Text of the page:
Development of a national human rights survey using equal explanatory power - flipping the picture in the collection of national survey quantitative data honouring indigenous populations
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World Federation of Public Health Associations PHANZ 81b Maraetai School Road Auckland 2018 New Zealand
Human Rights Commission New Zealand New Zealand
World Federation of Public Health Associations PHANZ New Zealand
Publication date: 2023-04-26
Popul. Med. 2023;5(Supplement):A1000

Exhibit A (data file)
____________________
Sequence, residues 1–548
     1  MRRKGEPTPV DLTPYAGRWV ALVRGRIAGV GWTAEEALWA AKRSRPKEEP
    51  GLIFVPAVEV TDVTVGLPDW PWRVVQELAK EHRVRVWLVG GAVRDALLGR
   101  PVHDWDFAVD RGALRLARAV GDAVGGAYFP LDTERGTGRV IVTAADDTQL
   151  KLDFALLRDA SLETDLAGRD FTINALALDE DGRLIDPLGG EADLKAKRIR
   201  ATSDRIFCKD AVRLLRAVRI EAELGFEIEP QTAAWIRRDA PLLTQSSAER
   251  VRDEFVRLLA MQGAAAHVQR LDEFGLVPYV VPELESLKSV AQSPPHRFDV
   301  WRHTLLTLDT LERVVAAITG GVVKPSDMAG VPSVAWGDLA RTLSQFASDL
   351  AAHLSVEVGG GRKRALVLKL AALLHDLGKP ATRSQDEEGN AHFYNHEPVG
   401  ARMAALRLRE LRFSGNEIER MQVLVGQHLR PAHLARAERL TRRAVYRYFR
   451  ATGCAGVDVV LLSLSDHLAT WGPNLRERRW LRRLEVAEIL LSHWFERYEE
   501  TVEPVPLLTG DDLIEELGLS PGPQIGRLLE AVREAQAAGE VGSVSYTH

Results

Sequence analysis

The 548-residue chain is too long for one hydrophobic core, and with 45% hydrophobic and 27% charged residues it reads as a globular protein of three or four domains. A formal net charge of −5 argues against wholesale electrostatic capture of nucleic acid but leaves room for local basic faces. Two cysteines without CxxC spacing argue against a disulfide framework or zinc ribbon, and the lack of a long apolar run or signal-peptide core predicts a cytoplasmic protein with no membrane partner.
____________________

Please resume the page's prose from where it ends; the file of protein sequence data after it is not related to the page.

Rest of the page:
The Human Rights Commission is the NATIONAL HUMAN RIGHTS INSTITUTION FOR NEW ZEALAND. We work across New Zealand to increase human rights standards in law, policy and practice. As a national human rights institution we work for a free, fair, safe and just New Zealand, where diversity is valued and human dignity and rights are respected In New Zealand we work to uphold te Tiriti o Waitangi, the foundational document that upholds the rights of all New Zealanders and acknowledges the partnership relationship between Maori, the Indigenous people, and the British Crown. New Zealand is working hard to understand its contemporary responsibilities to this document and to uphold, authentically the rights of Indigenous New Zealand as it has not done since it was signed in 1840. The HRC is developing a unique quantitative national survey honouring this important document and partnership relationship. It is the first time a national survey has been developed to acknowledge an Indigenous population as a Population Group in its own right rather than as a minority. Equal Explanatory power is being used to collect a data sample that reflects this treaty partnership in action in quantitative research. This project demonstrates how to work in authentic partnership in the development of such a project from the design, leadership and decision making at all levels and includes an advisory group that also reflects that partnership by ensuring that at least half is comprised of Indigenous Academics and advisors. This is a unique opportunity to share this ground breaking methodology and approach and demonstrate to others how ideas of co-governance, shared decision making and authentic partnerships with Indigenous peoples can be utilised to strengthen human rights practice, and ultimately the health outcomes of populations by gathering large scale quantitative data to inform Human Rights practice and mechanisms globally.
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